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Tuesday, Sep. 2, 2014

Overreaction won't solve the problem

Wednesday, July 9, 2003

Government at all levels has an amazing ability to overreact in the wake of tragedy. Take the tragic triple-murder at a manufacturing plant in Jefferson City last week. A troubled employee killed three co-workers, injured five and then took his own life. It was later learned that the gunman had purchased the gun from a gun store in Jefferson City. But the controversy began when it was reported the gun was a former weapon used by the Missouri State Highway Patrol that had been traded to the store for an upgraded model. It's a practice used by countless other law enforcement agencies.

But in our quest for overreaction, state officials now want to review the policy on the disposition of outdated guns used by law enforcement. The way it now works, for example, is this: The Highway Patrol saves the state $500,000 annually by trading or selling outdated guns. The guns are then resold to the public.

It's naive to think that the tragedy in Jefferson City or elsewhere could be avoided by destroying the outdated guns used by law enforcement. Had that particular gun not been available, thousands upon thousands of others were available. All legally and all at the same price. So the simple assumption that we can decrease crime by destroying these outdated guns is just plain naive.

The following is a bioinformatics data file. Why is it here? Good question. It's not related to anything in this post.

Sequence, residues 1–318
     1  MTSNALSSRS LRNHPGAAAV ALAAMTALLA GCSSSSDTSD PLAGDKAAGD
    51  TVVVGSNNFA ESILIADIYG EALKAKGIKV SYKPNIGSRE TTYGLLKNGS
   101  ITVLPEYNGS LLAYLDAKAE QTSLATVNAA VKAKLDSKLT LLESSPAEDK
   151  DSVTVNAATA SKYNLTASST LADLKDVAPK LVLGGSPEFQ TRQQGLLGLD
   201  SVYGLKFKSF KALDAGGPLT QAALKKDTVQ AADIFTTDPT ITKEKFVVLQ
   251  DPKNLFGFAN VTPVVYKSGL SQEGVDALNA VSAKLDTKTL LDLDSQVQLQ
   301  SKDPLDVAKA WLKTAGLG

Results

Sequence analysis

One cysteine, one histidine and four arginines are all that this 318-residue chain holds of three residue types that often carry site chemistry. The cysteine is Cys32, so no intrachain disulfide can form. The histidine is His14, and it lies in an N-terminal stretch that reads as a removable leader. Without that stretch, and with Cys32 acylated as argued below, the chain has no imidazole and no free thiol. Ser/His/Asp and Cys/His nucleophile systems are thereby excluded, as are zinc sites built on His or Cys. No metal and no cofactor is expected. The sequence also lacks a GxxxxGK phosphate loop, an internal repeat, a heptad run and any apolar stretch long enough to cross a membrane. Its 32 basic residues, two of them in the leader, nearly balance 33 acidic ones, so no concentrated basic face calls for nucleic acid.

But first you have to understand how government works. Rarely is government pro-active. Instead government is traditionally reactive. We see a situation that we judge as wrong and thus we try to change it with legislation or policy revisions. But the issue of disposing of weapons has bred this overreaction. It may make the public feel warm and fuzzy but it will accomplish absolutely nothing.

Tragedies have and will continue to occur. That is the tragic nature of man and society. If we could remove all handguns, that would be a different story. But as we all know, that will never occur. So to single out these particular weapons as some sort of blame for the tragedy is just wrong.

There is nothing wrong with the practice of selling or trading outdated state property. The murders in Jefferson City would have occurred regardless. But to curry favor with the public, government officials are quick to seize the hot topic of the moment. This is one issue that should be a non-starter.



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